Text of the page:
API Microversioning

API Microversioning


The API Microversioning is a framework in Senlin to enable smooth evolution of the Senlin REST API while preserving its backward compatibility. The basic idea is that a user has to explicitly specify the particular version of API requested in the request. Disruptive changes to the API can then be added without breaking existing users who don’t specifically ask for it. This is done with an HTTP header OpenStack-API-Version as suggested by the OpenStack API Working Group. The value of the header should contain the service name (clustering) and the desired API version which is a monotonically increasing semantic version number starting from 1.0.

If a user makes a request without specifying a version, they will get the DEFAULT_API_VERSION as defined in senlin.api.common.wsgi. This value is currently 1.0 and is expected to remain so for quite a long time.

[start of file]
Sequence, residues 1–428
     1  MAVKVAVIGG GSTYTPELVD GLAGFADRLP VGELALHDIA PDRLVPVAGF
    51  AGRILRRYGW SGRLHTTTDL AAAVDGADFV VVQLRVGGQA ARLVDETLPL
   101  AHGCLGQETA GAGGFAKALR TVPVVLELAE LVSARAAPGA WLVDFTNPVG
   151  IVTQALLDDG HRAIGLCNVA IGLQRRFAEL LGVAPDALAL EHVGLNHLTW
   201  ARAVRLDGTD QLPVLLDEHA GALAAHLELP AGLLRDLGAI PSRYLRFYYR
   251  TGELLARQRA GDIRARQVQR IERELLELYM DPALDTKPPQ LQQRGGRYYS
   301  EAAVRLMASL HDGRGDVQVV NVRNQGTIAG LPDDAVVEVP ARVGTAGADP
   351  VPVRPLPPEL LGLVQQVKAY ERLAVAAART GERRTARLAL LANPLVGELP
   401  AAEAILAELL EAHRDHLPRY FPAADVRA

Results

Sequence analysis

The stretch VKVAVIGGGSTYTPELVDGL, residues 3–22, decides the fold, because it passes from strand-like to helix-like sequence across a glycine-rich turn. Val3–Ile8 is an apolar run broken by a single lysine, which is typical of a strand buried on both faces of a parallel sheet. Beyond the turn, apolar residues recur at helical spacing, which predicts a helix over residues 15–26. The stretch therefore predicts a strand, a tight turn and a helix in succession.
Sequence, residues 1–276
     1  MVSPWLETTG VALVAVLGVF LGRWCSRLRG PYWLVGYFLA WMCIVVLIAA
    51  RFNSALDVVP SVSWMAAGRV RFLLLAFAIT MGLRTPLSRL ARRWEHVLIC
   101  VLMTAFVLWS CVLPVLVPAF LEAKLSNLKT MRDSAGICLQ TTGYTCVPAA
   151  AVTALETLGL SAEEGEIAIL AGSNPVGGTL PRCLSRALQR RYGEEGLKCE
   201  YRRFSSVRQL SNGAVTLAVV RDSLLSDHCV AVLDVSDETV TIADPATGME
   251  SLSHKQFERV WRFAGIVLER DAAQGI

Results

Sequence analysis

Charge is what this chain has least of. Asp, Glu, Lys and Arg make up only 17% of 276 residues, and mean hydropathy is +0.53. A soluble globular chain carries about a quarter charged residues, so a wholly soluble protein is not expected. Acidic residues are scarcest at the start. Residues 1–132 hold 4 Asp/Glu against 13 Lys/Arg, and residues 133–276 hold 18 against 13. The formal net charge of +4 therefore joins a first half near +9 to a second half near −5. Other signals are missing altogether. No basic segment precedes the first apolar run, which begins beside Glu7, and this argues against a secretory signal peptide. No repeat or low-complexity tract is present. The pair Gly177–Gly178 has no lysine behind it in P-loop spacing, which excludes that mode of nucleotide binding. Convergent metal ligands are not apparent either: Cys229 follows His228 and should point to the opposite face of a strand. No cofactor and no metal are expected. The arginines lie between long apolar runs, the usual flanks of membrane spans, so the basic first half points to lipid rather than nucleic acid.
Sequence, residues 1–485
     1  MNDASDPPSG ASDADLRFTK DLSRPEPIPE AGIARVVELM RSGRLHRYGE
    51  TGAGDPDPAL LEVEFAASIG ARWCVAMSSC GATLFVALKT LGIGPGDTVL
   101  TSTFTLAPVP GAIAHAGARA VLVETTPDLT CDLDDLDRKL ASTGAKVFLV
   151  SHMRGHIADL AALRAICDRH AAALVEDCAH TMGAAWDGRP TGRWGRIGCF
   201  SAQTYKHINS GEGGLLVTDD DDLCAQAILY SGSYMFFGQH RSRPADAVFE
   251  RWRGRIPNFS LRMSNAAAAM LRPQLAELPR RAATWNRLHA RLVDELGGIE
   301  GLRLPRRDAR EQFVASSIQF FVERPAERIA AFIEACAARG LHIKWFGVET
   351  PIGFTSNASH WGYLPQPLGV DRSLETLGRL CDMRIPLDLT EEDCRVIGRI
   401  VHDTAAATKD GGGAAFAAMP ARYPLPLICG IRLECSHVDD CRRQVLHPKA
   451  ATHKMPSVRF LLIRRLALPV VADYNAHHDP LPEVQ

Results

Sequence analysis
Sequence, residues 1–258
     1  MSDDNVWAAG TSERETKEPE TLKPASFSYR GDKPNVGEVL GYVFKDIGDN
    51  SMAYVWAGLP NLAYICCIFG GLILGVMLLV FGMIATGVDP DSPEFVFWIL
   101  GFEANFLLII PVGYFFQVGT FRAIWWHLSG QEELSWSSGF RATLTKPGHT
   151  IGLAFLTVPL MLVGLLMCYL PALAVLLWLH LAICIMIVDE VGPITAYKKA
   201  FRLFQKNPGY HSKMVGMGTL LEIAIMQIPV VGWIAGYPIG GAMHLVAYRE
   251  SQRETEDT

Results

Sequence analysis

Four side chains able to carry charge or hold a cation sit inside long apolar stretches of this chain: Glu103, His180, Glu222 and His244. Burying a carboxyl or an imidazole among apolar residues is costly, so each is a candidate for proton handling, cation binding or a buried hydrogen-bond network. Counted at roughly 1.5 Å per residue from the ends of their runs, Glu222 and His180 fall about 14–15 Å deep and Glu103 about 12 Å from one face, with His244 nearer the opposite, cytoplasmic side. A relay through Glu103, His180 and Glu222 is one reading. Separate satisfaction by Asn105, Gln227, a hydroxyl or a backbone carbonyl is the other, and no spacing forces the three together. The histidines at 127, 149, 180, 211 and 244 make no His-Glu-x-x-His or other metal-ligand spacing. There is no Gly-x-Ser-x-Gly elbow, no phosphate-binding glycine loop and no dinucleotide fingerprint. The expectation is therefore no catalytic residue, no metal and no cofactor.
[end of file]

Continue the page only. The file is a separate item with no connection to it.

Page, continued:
There is a special value “latest” which can be specified, which will allow a client to always invoke the most recent version of APIs from the server.


The latest value is mostly meant for integration testing and would be dangerous to rely on in client code since Senlin microversions are not following semver and therefore backward compatibility is not guaranteed. Clients, like python-senlinclient or python-openstacksdk, python-openstackclient should always require a specific microversion but limit what is acceptable to the version range that it understands at the time.

When to Bump the Microversion?

A microversion is needed when the contract to the user is changed. The user contract covers many kinds of information such as:

  • the Request

    • the list of resource URLs which exist on the server

      Example: adding a new GET clusters/{ID}/foo resource which didn’t exist in a previous version of the code

    • the list of query parameters that are valid on URLs

      Example: adding a new parameter is_healthy when querying a node by GET nodes/{ID}?is_healthy=True

    • the list of query parameter values for non-freeform fields

      Example: parameter filters takes a small set of properties “A”, “B”, “C”, now support for new property “D” is added

    • new headers accepted on a request

    • the list of attributes and data structures accepted.

      Example: adding a new attribute 'locked': True/False to a request body

  • the Response